Election Guide 2012: Amendment 65 takes on campaign finance
October 17, 2012
Shall there be amendments to the Colorado constitution and the Colorado revised statutes concerning support by Colorado’s legislative representatives for a federal constitutional amendment to limit campaign contributions and spending, and, in connection therewith, instructing Colorado’s congressional delegation to propose and support, and the members of Colorado’s state legislature to ratify, an amendment to the United States constitution that allows Congress and the states to limit campaign contributions and spending?
■ Yes ■ No
Amendment 65, one of three statewide ballot questions to be decided by Colorado voters this fall, seeks to strike down the U.S. Supreme Court's controversial 2010 Citizens United decision by instructing state lawmakers and Colorado's congressional delegation to push for and support campaign finance reform at the federal level.
Petitioned onto the ballot by several political action groups, Amendment 65 would alter the Colorado constitution as well as the state's revised statutes to "instruct" the state's seven U.S. representatives and two U.S. senators to "propose and support … an amendment to the United States constitution that allows Congress and the states to limit campaign contributions and spending, to ensure that all citizens, regardless of wealth, can express their views to one another and their government on a level playing field."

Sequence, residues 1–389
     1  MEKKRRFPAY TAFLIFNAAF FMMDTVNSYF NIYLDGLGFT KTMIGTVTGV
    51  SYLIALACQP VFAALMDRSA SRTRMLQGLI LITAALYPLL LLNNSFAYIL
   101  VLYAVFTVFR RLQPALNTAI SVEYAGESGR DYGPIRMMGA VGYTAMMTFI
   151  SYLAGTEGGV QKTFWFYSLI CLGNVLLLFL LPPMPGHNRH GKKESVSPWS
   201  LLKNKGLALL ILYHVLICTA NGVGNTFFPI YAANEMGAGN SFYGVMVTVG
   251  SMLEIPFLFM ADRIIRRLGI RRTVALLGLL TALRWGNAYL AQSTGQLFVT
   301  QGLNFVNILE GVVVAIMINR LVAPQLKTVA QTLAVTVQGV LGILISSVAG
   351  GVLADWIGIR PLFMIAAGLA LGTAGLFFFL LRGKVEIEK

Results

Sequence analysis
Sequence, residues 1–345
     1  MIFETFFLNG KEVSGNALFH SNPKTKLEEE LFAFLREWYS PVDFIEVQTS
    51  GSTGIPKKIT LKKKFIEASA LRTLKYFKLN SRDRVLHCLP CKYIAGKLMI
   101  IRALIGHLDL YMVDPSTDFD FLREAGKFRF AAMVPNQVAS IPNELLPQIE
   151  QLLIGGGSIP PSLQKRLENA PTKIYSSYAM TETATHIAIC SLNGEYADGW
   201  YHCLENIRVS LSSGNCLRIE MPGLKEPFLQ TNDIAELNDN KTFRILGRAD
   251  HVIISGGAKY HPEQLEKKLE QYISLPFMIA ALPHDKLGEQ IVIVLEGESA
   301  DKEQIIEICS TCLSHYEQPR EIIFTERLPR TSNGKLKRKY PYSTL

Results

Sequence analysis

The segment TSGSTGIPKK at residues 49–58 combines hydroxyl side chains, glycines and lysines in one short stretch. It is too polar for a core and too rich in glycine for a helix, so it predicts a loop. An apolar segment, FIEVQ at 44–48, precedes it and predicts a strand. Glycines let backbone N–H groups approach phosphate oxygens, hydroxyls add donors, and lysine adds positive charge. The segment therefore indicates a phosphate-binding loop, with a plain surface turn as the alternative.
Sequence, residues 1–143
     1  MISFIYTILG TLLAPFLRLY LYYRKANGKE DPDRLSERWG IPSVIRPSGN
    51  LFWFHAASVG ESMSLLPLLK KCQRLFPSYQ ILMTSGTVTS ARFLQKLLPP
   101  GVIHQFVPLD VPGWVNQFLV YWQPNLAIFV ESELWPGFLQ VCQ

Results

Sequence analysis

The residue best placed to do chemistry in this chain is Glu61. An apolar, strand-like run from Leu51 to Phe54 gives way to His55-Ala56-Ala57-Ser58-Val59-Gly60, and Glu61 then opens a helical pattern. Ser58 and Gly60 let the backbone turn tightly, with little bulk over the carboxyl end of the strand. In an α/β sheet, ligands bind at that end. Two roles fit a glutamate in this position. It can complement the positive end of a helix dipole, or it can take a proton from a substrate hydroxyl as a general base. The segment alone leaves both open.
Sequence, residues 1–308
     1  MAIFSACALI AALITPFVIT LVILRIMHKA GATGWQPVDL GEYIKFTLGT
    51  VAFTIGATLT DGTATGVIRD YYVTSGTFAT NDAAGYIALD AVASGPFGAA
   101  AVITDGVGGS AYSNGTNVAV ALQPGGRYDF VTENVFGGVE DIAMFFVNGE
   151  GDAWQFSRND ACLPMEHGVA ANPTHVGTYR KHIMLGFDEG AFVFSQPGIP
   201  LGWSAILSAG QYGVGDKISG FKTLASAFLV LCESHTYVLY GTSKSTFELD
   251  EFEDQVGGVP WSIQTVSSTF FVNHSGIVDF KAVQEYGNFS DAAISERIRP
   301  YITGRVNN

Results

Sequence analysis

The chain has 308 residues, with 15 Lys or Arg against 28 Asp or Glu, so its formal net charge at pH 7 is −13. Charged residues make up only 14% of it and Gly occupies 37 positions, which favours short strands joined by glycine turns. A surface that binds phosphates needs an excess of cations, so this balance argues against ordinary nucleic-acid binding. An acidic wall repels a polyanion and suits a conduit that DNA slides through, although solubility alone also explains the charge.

Amendment 65 advocates say their measure is needed in order to reduce the political influence of wealthy individuals and corporations as it pertains to campaign contributions and spending.
The contentious issue of campaign finance was further fueled by the Supreme Court's ruling in the Citizens United case that campaign contributions by corporations are a form of protected political speech under the First Amendment. The court's ruling sparked outrage among many who already think campaign spending is out of control.
Although Amendment 65 would alter state law to encourage lawmakers to enact change at the federal level, its provisions would have no actual affect on existing state or federal campaign laws.
Supporters of Amendment 65 say it would send a message from Colorado voters to their elected representatives that campaign contributions and spending should be limited so as to create a level playing field where all perspectives and sides can be heard.
Detractors of Amendment 65 say that because the measure cannot require elected representatives to support certain laws or policies, it has no practical effect. Similarly, they say the state constitution should not be amended simply to make a political statement. They also argue that Amendment 65 could help lead to restrictions on freedom of speech.
Information also was provided by the 2012 State Ballot Information Booklet.